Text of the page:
Next Phase Network conducted our first ever online survey of working professionals in the USA to gauge the current, historical and future employment and financial outlook. While some of the data was as anticipated (overall, working professionals are much more optimistic about their future than 5 years ago), there were some findings that were rather surprising, particularly for Generation X and Baby Boomers.
For Generation X and Boomers the recovery has been slow going. While 31% of the respondents indicated that financially speaking they’re much better off than 10 years ago, when the data is cross-tabulated with age, the data starts to tell a different story. Generation X into the late boomers, which is those who range today in age from 38-51, shows a particularly troublesome figure. 43% of Generation X respondents indicated their financial condition is about the same or worse than 10 years ago. This is troublesome as these individuals are supposed to be in their “peak earning years”.
When looking at Boomer responses, 35% cited their financial condition was “much worse” than 10 years ago.
Out of both Gen X and Boomer categories, most that indicated they were financially better off commented that the reason for this was either that they had gotten their kids through college or started their own business.
While most US workers feel their current employment situation is more secure than in the past, job security is still a concern. Of the total respondents (regardless of age) 36.5% found they felt somewhat not secure to not secure at all in their current role; over a quarter of that group felt not secure at all. Close to 1/3 of the respondents were very sure or somewhat sure that their employer would have some layoffs over the next 12 months, while another 21% indicated they weren’t sure. It was also interesting to find that almost a third (28%) of the respondents indicated “not applicable”, meaning that they were self-employed and not dependent on an employer for their source of income.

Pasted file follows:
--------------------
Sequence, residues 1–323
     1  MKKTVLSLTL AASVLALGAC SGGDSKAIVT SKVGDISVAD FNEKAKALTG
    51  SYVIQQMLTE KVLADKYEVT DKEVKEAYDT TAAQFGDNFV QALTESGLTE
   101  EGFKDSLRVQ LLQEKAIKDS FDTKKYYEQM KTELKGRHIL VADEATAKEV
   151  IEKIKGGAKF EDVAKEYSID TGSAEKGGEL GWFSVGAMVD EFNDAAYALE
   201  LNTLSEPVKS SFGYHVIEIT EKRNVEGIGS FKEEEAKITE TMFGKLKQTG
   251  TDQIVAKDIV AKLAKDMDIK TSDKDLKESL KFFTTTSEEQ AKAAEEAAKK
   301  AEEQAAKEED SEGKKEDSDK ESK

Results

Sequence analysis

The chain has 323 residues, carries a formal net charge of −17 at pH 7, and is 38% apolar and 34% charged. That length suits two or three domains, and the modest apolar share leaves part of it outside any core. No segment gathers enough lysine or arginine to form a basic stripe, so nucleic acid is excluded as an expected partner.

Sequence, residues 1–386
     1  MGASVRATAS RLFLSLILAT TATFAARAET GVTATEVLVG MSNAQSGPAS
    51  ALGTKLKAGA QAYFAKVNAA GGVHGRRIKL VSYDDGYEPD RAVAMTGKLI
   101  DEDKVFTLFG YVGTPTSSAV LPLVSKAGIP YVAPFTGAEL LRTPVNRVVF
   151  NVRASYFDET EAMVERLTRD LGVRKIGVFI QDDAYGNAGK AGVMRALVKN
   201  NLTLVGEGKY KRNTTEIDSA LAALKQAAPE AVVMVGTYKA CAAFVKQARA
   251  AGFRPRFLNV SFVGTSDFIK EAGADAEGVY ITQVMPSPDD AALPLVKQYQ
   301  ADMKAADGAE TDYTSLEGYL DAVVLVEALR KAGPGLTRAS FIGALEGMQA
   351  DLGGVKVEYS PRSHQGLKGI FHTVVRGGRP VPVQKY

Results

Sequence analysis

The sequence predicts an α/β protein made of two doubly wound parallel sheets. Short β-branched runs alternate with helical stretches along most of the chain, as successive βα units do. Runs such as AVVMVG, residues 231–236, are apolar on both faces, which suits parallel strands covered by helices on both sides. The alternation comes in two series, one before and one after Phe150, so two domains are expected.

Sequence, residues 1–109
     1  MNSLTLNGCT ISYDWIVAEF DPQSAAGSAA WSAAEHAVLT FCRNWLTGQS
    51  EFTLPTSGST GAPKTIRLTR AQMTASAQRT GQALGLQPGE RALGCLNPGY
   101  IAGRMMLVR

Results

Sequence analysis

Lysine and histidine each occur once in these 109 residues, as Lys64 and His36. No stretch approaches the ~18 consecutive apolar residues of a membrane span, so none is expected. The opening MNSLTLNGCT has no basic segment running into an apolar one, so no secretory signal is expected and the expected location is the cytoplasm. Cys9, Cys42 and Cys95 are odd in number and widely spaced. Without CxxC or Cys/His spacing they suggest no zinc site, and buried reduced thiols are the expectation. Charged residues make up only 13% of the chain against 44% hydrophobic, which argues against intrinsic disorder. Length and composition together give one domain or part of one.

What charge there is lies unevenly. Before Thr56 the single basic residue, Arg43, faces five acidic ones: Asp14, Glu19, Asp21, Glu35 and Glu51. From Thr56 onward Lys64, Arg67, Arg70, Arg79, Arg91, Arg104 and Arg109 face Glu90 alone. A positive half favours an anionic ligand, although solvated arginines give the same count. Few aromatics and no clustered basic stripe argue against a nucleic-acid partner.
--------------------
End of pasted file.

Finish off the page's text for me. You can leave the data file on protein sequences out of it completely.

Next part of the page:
20% of overall respondents have had 4 or more full time jobs over the past 5 years. And the job/career changes were mostly not their choice. Over half of all respondents have changed jobs at least once in the past 5 years, mostly not due to their choice (38% have been laid off at least once; 12% of the total have been laid off more than once over the past 5 years).
Frankly, if you haven’t thrown out the idea that you need to find someone that has been with the same company for more than 5 years because it is a gauge of their loyalty, stability, etc., you need to. For Gen Xers –almost 45% have had 2 to 3 full time jobs in the past 5 years and 22% have had more than 4 full-time jobs in the past 5 years. For Millennials — 36% have had 2 to 3 full time jobs in the past 5 years and 28% have had more than 4 full time jobs in the past 5 years. Even Boomers, who most people would think have had the most stable job history have switched jobs over the past 5 years – a full quarter of the respondents indicated they’ve held 4 or more full time jobs over the past 5 years – that’s an average of 15 months of full time employment at each job per year over the past 5 years.
Next week we will cover: Career instability, multi-jobbing, retirement and what this means for your business!